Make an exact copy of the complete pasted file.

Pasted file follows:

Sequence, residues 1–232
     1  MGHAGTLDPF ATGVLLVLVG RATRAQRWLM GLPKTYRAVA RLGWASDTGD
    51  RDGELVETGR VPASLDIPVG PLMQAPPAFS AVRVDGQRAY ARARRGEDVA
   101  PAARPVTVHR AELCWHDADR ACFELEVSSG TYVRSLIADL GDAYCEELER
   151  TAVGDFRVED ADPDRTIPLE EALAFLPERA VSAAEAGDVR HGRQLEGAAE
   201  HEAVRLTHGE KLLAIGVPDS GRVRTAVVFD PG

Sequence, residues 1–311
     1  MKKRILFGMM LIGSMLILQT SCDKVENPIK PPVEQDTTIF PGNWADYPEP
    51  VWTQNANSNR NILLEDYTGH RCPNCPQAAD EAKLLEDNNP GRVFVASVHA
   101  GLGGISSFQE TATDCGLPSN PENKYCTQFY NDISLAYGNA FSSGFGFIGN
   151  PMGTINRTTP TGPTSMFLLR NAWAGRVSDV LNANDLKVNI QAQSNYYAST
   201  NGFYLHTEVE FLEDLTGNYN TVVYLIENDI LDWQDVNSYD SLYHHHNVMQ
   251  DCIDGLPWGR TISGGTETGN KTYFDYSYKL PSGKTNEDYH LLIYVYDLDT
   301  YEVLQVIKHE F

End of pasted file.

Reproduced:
Sequence, residues 1–232
     1  MGHAGTLDPF ATGVLLVLVG RATRAQRWLM GLPKTYRAVA RLGWASDTGD
    51  RDGELVETGR VPASLDIPVG PLMQAPPAFS AVRVDGQRAY ARARRGEDVA
   101  PAARPVTVHR AELCWHDADR ACFELEVSSG TYVRSLIADL GDAYCEELER
   151  TAVGDFRVED ADPDRTIPLE EALAFLPERA VSAAEAGDVR HGRQLEGAAE
   201  HEAVRLTHGE KLLAIGVPDS GRVRTAVVFD PG

Sequence, residues 1–311
     1  MKKRILFGMM LIGSMLILQT SCDKVENPIK PPVEQDTTIF PGNWADYPEP
    51  VWTQNANSNR NILLEDYTGH RCPNCPQAAD EAKLLEDNNP GRVFVASVHA
   101  GLGGISSFQE TATDCGLPSN PENKYCTQFY NDISLAYGNA FSSGFGFIGN
   151  PMGTINRTTP TGPTSMFLLR NAWAGRVSDV LNANDLKVNI QAQSNYYAST
   201  NGFYLHTEVE FLEDLTGNYN TVVYLIENDI LDWQDVNSYD SLYHHHNVMQ
   251  DCIDGLPWGR TISGGTETGN KTYFDYSYKL PSGKTNEDYH LLIYVYDLDT
   301  YEVLQVIKHE F